A Slavonic studies scholar, two children, a year of research under exceptional conditions - the Feodor Lynen Fellow Gesine Drews-Sylla made the move to Prague with her family. Then came COVID-19 and, with it, the discovery that letting go helps and unexpected challenges can actually advance research.
When Lynen Fellow Gesine Drews-Sylla thinks back on the time she spent working from her home in the Prague suburb Jinonice, she recalls the sweeping view from her huge balcony. And the Vltava River that flows through the valley. And the verdant side of the Czech metropolis. The Slavonics scholar with postdoctoral qualification came to Prague for a year in late summer 2019 with her 8-year-old daughter and 12-year-old son to conduct research as a guest of her collaborative partner Václav Petrbok at the Institute of Czech Literature of the Czech Academy of Sciences. Her husband stayed in Tübingen for business reasons. The family originally planned to “commute” and spend weekends together, alternating between Prague and Tübingen. The year that the scholar was particularly hoping to bring a new perspective to her research brought an entirely unexpected change of perspective – regarding the city and her own research work. “I had just gotten the feeling that the kids and I were settled in and then the pandemic hit”, said Gesine Drews-Sylla. “On Monday I had a city tour, on Wednesday the schools closed and on Sunday the borders were closed. It all happened very fast.”
Although the family could have left at any time, it stayed in the country for the time being. “There were hardly any covid cases in Prague in early March 2020. We felt safe. I wanted to remain on location to gather material, improve my Czech and establish contacts,” said the literary and cultural studies scholar Drews-Sylla. Her original plan: Within the scope of a monograph, she wanted to examine how Roma and Romnija are portrayed in contemporary Czech culture and what role the subject of racism and participation plays in the overall culture.
Easy does it
When in March her flat in Prague suddenly became an office for her and, at the same time, a classroom for her children as well, Drews-Sylla had to restructure not only her family life but also her research work. After the border was closed, her husband could not spend the weekends with the family as originally planned. Here and there, the demands arising from childcare and home schooling clashed with her research work. But, like so many other mothers and fathers around the world, Drews-Sylla adjusted her work as well as possible to the new situation. Since working in libraries was no longer possible, she bought a lot of books online. “Of course, all the tourist attractions were closed so we had to organise our free time differently. This unexpectedly led to an entirely new perspective of the city. We bought second-hand bikes and used them to discover corners of the city where we never would have gone but for the pandemic.” For her two children, the year in Prague was exciting and challenging at the same time. Looking back, both think it was worthwhile. They had the opportunity to experience another language, broaden their horizons and make new friends. “At the start I had to put a lot of energy into ensuring that the two get a good start and feel at home in the new city. Fortunately, we met a family through the school very early on and became close friends with them”, said Drews-Sylla.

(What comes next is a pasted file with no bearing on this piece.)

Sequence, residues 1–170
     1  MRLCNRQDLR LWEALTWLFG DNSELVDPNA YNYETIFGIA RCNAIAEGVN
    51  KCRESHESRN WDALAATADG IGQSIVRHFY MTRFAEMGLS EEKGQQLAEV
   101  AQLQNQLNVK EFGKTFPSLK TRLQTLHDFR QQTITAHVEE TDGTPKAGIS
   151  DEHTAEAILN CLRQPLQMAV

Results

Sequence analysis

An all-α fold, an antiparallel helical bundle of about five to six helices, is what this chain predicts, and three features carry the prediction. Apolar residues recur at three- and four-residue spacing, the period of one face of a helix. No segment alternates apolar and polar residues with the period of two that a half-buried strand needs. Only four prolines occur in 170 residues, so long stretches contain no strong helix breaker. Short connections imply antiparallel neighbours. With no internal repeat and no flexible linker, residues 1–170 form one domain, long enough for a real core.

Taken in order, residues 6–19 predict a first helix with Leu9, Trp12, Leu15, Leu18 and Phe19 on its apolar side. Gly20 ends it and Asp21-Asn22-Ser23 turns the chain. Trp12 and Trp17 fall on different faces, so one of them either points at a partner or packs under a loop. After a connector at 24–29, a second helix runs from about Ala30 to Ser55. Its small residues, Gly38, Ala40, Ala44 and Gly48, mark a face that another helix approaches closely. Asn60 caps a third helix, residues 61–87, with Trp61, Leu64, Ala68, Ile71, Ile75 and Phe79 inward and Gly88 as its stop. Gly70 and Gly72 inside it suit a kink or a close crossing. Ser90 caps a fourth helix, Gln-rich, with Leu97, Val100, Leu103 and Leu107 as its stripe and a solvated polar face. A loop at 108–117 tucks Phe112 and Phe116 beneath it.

The fact that Drews-Sylla could undertake her research stay together with her children was made possible largely through the financial framework offered by Feodor Lynen Fellowships. “It simply would not have been possible without the fact that the Humboldt Foundation covered tuition fees and even provided money for childcare”, said Drews-Sylla. Family-friendliness is an important aspect for the Humboldt Foundation. Of the 142 fellows from Germany who were sponsored in the spring of 2020, 43 had children. Thirty of them took their children with them when they went abroad. Besides family allowances for partners and a flat-rate child allowance, assistance can also include subsidies for childcare costs and extensions to help during parental leave. Monika Lieb, head of division in the Sponsorship and Network Department at the Humboldt Foundation, noted: “Balancing the demands of family life and a research career still isn’t a matter of course. The expectation that the individual researcher works full-time or even more than the usual number of working hours just doesn’t reflect the reality of family life. This is where our programmes step in."